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Dag Evert's "American Classic"

As mentioned on the forum, heres a picture I took some time back, with natural winter daylight.
A 2100, and a 1377, both guns have been recrowned, and had their trigger parts shimmed for play,
contact surfaces stoned, and trigger springs somewhat reduced within safe limits.
The 2100 has had its barrel shimmed with tape to remove play.
Both guns give great accuracy for the money if they are given good pellets!
The combination of pellets and guns in the picture represents something close to my boyhood dreams:-)
-- Dag Evert

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attaching gauge

August 28 2012 at 11:11 AM
Casey  (Login chaldeman1984)
Crosman Forum Member
from IP address 64.90.159.193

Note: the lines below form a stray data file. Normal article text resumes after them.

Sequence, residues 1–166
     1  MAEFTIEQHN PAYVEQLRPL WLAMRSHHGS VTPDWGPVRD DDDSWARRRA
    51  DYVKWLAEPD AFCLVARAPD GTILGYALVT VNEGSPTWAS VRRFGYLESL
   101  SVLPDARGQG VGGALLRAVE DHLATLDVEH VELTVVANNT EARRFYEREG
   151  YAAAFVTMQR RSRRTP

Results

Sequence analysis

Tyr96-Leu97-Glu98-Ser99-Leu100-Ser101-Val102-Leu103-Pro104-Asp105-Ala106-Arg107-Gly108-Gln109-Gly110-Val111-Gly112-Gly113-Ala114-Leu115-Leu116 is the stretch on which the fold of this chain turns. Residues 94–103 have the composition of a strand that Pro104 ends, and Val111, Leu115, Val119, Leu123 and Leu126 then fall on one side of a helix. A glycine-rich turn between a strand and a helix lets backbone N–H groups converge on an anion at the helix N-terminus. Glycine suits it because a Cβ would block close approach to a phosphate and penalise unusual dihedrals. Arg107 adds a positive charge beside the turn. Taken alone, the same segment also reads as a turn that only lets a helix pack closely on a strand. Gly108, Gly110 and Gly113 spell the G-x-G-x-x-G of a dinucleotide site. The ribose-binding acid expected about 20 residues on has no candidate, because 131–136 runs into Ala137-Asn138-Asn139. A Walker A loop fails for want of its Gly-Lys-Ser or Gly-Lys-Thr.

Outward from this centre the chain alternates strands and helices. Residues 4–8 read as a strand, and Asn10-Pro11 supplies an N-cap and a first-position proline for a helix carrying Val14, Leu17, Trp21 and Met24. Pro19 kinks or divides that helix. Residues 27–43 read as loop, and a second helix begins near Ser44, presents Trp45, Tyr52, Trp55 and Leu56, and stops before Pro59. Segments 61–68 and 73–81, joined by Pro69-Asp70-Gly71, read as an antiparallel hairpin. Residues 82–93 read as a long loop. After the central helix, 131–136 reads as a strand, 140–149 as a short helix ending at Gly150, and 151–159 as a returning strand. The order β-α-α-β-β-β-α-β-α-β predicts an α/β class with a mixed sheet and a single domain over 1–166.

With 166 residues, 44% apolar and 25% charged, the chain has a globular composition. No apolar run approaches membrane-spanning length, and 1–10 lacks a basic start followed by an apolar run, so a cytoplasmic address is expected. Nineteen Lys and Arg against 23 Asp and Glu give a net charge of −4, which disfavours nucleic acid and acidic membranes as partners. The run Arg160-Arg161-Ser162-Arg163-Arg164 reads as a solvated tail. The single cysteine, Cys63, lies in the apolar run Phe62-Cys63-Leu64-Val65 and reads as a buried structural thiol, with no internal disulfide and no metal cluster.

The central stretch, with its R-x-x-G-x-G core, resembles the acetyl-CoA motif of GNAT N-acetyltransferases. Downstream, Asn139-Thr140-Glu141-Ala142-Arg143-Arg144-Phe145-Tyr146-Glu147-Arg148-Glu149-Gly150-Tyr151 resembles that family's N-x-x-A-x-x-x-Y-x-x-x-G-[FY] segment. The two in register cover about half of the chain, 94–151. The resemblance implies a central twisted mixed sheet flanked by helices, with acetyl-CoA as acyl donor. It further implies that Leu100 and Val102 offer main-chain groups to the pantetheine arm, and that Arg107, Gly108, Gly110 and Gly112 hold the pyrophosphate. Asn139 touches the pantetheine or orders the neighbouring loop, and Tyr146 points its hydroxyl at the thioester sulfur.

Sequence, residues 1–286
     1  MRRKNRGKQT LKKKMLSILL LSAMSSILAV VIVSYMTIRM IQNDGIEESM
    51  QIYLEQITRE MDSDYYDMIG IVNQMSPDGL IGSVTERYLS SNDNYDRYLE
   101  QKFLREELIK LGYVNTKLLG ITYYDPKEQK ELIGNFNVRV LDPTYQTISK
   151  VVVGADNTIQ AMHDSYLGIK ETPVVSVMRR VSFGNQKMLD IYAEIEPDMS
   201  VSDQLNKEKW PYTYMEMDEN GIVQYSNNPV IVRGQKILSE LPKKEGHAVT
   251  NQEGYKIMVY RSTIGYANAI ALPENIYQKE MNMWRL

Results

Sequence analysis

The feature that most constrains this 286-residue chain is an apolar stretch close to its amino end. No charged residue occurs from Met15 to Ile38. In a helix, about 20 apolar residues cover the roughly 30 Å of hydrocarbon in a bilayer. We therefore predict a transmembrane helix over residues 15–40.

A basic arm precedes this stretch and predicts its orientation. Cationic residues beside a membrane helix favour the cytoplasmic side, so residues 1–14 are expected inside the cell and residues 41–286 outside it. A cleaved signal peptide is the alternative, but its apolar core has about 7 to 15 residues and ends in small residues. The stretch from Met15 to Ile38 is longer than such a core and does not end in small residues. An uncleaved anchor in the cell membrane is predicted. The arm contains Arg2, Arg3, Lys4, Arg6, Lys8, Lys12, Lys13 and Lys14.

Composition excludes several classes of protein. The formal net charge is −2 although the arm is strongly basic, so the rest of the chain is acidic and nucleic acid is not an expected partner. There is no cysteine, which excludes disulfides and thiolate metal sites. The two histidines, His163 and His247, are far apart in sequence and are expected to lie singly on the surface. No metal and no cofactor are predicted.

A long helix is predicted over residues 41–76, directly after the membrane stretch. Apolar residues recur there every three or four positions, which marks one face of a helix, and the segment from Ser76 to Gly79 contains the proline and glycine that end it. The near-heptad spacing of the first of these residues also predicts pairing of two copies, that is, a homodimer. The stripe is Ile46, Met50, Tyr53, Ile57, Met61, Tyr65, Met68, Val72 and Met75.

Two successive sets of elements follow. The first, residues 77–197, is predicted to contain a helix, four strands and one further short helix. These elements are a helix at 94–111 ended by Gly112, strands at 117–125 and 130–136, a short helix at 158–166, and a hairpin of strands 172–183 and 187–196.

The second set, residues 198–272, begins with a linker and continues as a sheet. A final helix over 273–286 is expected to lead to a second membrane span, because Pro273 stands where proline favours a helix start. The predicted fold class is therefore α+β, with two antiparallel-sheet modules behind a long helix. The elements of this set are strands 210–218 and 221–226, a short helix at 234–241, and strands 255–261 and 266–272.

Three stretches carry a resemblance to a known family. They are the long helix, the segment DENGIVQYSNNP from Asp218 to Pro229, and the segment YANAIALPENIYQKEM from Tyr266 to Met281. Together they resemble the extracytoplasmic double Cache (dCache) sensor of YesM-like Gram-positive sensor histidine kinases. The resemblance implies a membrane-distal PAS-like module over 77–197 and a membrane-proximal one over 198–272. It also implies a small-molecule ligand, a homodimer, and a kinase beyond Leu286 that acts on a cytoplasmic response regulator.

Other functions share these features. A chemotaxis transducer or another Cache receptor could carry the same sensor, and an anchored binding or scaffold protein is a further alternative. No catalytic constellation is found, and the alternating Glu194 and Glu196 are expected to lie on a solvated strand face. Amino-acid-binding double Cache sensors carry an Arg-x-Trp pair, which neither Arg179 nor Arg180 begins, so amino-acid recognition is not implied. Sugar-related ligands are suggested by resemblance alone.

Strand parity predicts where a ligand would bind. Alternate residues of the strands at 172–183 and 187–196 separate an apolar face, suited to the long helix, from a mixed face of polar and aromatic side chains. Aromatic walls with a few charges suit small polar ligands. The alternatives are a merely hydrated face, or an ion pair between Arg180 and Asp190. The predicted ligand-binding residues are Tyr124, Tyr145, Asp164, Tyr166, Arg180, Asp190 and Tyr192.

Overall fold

Well I've been practicing soldering on my broken 392 brass body tube so hopefully when my gauge comes, it'll go smoothly. I've found that removing the thicker parts of the fittings and leaving just the threaded tube the gauge will screw into makes soldering much better. I assume this is because the threaded tube is considerably thinner metal than the rest of the fitting, and heats up quicker with the torch. I cut the bottom off of a nut for a 1/4" compression fitting and soldered the remaining threaded piece onto the body tube with flux, plumbers' copper-sweating type solder, and high heat from a cheapo LP torch. This I cannot break off with my bare hands at all, only a heavy strike of a hammer would break it off. I noticed when soldering thicker couplers or reducers on, if not heavily pre-heated, they would easily break off with a jerk of the hand. I also noticed that tinning the body tube or nut before-hand was actually detrimental to adhesion??? I would have thought vise-versa....but roughing up both surfaces, applying plenty of flux, clamping with a "c" clamp, and heavily pre-heating before trying to apply solder resulted in the strongest bond I could get out of regular solder. I know that it's a lot of air pressure, but do you guys think that sounds like a bond that will hold? I really don't want to have to go to my dad's work and try brazing or silver-soldering it, as my dad's right arm is in a sling, and I'm inexperienced with those techniques.

 
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